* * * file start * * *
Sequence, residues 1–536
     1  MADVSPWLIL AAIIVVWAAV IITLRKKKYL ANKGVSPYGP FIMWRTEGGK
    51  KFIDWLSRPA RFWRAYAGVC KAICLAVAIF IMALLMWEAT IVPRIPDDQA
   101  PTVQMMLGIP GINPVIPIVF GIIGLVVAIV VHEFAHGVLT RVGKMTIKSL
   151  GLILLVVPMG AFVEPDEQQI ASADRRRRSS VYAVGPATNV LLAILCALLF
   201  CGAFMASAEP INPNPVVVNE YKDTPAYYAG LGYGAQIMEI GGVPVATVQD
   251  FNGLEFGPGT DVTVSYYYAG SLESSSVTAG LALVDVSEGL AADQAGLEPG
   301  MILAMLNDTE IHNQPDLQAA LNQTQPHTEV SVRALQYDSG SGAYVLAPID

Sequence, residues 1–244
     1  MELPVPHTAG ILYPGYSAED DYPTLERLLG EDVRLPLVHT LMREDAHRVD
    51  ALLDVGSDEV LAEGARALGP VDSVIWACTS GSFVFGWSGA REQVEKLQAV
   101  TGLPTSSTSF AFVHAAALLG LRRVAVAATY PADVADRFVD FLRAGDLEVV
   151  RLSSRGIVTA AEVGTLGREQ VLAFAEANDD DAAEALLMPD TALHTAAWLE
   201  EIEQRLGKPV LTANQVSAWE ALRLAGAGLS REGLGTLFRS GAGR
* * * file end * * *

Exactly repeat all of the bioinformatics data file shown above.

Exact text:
Sequence, residues 1–536
     1  MADVSPWLIL AAIIVVWAAV IITLRKKKYL ANKGVSPYGP FIMWRTEGGK
    51  KFIDWLSRPA RFWRAYAGVC KAICLAVAIF IMALLMWEAT IVPRIPDDQA
   101  PTVQMMLGIP GINPVIPIVF GIIGLVVAIV VHEFAHGVLT RVGKMTIKSL
   151  GLILLVVPMG AFVEPDEQQI ASADRRRRSS VYAVGPATNV LLAILCALLF
   201  CGAFMASAEP INPNPVVVNE YKDTPAYYAG LGYGAQIMEI GGVPVATVQD
   251  FNGLEFGPGT DVTVSYYYAG SLESSSVTAG LALVDVSEGL AADQAGLEPG
   301  MILAMLNDTE IHNQPDLQAA LNQTQPHTEV SVRALQYDSG SGAYVLAPID

Sequence, residues 1–244
     1  MELPVPHTAG ILYPGYSAED DYPTLERLLG EDVRLPLVHT LMREDAHRVD
    51  ALLDVGSDEV LAEGARALGP VDSVIWACTS GSFVFGWSGA REQVEKLQAV
   101  TGLPTSSTSF AFVHAAALLG LRRVAVAATY PADVADRFVD FLRAGDLEVV
   151  RLSSRGIVTA AEVGTLGREQ VLAFAEANDD DAAEALLMPD TALHTAAWLE
   201  EIEQRLGKPV LTANQVSAWE ALRLAGAGLS REGLGTLFRS GAGR